By William H. McMichael – Staff writer: Navy Times
The bad news on Wall Street is good news for military recruiting and retention, the Pentagon’s top personnel official said Oct. 10.
“We do benefit when things look less positive in civil society,” said David S.C. Chu, undersecretary of defense for personnel and readiness, said in a Pentagon briefing. “That is a situation where more are willing to give us a chance. I think that’s the big difference — people willing to listen to us.”
A U.S. soldier from 5th Battalion, 7th Air Defence Artillery secures the road during a joint military training with Bulgarian army soldiers at Novo Selo military base near the town of Sliven, some 350 km (217 miles) east of Sofia October 9, 2008.REUTERS/Oleg Popov (BULGARIA)
But while the downturn in the economy is making it easier for the services to recruit and retain people, Chu said he doesn’t expect spending on enlistment and re-enlistment bonuses to drop in the near term, even though more may see the military as a shelter against a sagging civilian job market.
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U.S. Army Meets Recruiting Goals
By Sig Christenson
Express News, San Antonio
Carrying the weight of the war in Iraq, the Army said Friday it had nonetheless made its recruiting goal for the past year and had kept more than enough veteran soldiers in uniform.
The Army exceeded its goal of 80,000 recruits by more than 500 people. The Air Force, Navy and Marine Corps just edged past their marks but put a bow on a badly needed wartime success story. It was the ninth year in a row the Air Force met its goal.
“This is the strongest recruiting year we’ve had overall …. since fiscal year 2004,” David Chu, undersecretary of defense for personnel and readiness, said in a Pentagon release.
As it has been for many years, even before Sept. 11, 2001, the fall recruiting and retention report was a mixed bag. A Pentagon report stressed that more than 92 percent of all new recruits held a high school diploma, compared with 75 percent nationwide among the same age group. But services that were forced to battle for recruits during the 1990s boom years have found new troubles over seven years of war.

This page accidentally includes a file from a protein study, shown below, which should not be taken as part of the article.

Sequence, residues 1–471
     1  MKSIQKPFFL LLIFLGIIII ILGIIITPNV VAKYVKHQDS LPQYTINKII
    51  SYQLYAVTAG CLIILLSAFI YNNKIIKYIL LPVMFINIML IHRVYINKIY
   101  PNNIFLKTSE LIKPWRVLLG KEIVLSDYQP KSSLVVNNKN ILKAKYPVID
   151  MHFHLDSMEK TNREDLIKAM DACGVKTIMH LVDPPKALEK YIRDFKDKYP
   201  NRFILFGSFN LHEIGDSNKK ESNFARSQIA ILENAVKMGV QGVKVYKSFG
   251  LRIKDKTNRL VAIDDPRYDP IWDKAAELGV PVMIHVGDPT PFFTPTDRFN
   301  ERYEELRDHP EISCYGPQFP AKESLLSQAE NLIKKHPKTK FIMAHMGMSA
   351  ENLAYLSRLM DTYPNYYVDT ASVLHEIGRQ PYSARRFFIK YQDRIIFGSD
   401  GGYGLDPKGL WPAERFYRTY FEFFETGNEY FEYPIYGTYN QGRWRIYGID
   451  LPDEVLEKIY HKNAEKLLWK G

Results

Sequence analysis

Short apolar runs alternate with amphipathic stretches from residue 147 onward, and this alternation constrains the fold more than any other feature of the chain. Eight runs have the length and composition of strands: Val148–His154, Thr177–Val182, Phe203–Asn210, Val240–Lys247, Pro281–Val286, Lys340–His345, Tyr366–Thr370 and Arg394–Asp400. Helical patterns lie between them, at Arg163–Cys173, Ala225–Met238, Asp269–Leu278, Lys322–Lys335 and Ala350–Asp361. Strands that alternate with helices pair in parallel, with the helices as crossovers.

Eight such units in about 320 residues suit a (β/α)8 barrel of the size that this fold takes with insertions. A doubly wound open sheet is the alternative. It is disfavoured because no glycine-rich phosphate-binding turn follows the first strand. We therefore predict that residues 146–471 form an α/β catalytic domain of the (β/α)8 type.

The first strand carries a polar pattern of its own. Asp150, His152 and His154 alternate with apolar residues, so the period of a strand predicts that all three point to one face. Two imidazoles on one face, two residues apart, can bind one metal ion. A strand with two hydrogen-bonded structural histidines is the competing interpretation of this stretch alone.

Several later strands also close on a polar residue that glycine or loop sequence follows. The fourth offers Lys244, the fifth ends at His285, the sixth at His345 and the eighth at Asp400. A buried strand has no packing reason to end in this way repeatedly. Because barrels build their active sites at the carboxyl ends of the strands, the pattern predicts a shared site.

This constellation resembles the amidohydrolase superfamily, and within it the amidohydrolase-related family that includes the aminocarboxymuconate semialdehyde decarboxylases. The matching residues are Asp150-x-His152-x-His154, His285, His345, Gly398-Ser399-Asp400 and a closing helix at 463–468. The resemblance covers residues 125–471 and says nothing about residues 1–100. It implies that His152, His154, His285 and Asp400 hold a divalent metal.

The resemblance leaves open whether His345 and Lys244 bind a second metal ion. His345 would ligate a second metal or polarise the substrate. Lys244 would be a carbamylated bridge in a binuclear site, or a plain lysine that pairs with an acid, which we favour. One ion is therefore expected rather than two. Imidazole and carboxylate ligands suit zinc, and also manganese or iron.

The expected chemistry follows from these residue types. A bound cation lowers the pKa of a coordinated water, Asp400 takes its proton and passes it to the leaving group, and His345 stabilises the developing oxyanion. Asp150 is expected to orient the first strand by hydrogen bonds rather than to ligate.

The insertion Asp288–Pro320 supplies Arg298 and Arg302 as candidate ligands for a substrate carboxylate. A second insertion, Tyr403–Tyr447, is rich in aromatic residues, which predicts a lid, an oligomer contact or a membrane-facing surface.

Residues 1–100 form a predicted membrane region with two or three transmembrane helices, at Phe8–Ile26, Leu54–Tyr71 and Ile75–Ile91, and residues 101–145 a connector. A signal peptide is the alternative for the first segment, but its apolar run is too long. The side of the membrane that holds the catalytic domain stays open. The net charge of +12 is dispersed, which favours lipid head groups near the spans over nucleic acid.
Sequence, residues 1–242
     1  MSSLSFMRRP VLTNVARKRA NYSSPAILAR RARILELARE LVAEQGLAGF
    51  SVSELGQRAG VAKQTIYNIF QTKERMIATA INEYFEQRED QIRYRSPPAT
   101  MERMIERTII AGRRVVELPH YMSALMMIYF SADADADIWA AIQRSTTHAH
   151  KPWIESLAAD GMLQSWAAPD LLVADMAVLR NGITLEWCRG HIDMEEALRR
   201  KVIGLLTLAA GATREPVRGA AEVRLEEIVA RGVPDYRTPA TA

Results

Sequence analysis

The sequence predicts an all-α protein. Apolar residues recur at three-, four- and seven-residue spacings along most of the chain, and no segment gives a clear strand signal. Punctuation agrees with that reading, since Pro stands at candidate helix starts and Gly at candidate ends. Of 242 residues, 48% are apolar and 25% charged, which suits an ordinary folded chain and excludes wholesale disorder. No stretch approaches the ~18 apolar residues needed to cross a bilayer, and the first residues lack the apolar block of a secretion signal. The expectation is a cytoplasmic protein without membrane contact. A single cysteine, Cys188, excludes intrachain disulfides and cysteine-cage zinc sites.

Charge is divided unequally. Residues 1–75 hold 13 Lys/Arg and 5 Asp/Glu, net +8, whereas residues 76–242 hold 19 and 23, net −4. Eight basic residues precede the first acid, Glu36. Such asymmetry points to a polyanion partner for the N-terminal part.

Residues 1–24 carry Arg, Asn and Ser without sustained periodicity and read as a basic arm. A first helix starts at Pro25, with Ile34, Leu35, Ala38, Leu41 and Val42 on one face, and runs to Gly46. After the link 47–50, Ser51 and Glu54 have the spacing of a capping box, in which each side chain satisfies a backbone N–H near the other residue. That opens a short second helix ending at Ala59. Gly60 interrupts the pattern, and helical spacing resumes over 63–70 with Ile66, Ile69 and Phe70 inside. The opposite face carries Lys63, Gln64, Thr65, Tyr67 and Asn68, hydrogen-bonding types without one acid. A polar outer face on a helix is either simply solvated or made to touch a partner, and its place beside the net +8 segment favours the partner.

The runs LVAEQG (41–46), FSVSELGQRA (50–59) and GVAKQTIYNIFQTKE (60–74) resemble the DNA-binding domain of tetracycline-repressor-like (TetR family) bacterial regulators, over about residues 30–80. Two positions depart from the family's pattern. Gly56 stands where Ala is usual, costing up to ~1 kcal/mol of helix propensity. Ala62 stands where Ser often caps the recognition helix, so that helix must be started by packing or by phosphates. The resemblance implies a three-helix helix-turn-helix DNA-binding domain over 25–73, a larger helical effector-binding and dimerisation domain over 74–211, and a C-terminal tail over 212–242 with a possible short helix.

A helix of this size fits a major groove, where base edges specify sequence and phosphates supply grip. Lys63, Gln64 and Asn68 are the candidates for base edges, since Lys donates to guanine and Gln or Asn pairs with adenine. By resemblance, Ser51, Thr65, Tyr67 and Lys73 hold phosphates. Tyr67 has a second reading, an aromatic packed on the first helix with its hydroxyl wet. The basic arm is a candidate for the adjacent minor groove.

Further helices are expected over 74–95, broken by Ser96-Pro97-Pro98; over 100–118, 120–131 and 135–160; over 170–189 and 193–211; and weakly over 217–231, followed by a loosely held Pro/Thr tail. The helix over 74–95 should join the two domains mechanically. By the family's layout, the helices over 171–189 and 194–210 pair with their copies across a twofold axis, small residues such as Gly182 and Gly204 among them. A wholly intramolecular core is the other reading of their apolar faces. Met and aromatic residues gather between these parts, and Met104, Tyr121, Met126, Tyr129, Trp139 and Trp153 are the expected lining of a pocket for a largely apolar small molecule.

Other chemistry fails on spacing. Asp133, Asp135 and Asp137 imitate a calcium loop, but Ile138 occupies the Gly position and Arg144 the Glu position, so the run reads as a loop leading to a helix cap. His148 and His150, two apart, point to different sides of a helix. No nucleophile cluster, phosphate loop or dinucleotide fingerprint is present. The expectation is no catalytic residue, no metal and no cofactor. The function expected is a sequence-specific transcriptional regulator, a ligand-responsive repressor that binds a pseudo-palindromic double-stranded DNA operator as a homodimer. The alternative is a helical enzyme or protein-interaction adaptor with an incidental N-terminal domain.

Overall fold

Persuading parents to let their children join the Army continued to be a huge hurdle for 9,400 active-duty and reserve recruiters. The Army also said that eight in every 10 new active-duty soldiers held a high school diploma — a reflection of reluctant “influencers,” people whose advice recruiters deem critical. The number was below the Pentagon goal of 90 percent.
The latest numbers reflect recruiting for the federal fiscal year ending Sept. 30. This year the Army easily beat its mark for active-duty recruits, and the Air Force, Navy and Marines also met their recruiting goals, as did the nation’s six reserve components.
Retaining veteran troops proved difficult. While the Army and Navy topped their goals, the Air Force and Marines fell short, as did the reserves. The Pentagon said losses in the reserve components were “within acceptable limits” but provided no statistics.
The Army has missed its recruiting mark three times in the past decade, the last shortfall coming in 2005. It’s offered a variety of cash incentives to entice recruits and keep veterans in uniform, increased its maximum recruiting age to 41 and allowed more felons to join.
The number of felons granted “moral waivers” jumped by more than 500 in 2007. The Recruiting Command’s chief, Maj. Gen. Thomas Bostick, said the Army granted only 372 felony waivers this year.
Also, 240 people age 40 and over went to boot camp. The same number of 40-plus recruits signed up in 2007.
The Pentagon report showed that Texas retained the title of the nation’s No. 1 state in the nation for active-duty Army recruits, with 10,951 soldiers. It’s been No. 1 at least three years.
San Antonio, the nation’s No. 1 Army recruiting battalion for three years running, signed up 3,970 active-duty soldiers and reservists. It fell short, however, of being best overall in America this year — though Army officials weren’t sure which battalion surpassed the Alamo City.
“We can’t be No. 1 forever, but we’re pretty close,” said Bart Keyes, spokesman for the San Antonio battalion.